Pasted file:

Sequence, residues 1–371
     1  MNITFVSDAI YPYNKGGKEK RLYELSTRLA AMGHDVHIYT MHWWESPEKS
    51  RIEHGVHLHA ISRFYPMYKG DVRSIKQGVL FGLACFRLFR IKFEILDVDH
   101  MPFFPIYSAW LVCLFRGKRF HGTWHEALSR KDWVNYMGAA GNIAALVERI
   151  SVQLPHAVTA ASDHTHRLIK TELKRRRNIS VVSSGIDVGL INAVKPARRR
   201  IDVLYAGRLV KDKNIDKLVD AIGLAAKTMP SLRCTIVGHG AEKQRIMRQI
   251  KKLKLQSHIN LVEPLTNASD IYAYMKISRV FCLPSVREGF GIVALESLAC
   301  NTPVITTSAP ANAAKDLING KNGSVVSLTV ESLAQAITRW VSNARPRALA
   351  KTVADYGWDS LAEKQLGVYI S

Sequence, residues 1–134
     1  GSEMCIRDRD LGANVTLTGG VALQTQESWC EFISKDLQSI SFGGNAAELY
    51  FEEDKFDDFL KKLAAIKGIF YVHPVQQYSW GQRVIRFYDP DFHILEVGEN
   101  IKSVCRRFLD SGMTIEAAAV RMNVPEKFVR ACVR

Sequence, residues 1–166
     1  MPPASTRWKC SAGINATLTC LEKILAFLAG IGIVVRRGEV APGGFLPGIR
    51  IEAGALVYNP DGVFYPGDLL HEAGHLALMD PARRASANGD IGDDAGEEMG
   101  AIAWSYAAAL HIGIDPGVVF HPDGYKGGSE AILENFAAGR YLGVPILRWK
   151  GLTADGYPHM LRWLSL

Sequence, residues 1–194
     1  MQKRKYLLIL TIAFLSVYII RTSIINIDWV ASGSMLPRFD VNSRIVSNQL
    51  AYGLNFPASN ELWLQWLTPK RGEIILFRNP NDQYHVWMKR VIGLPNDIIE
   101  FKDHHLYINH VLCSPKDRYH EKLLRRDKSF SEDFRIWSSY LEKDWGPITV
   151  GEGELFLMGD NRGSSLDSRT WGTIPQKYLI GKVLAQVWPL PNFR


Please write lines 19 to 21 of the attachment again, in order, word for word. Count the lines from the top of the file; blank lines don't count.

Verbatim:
Sequence, residues 1–194
     1  MQKRKYLLIL TIAFLSVYII RTSIINIDWV ASGSMLPRFD VNSRIVSNQL
    51  AYGLNFPASN ELWLQWLTPK RGEIILFRNP NDQYHVWMKR VIGLPNDIIE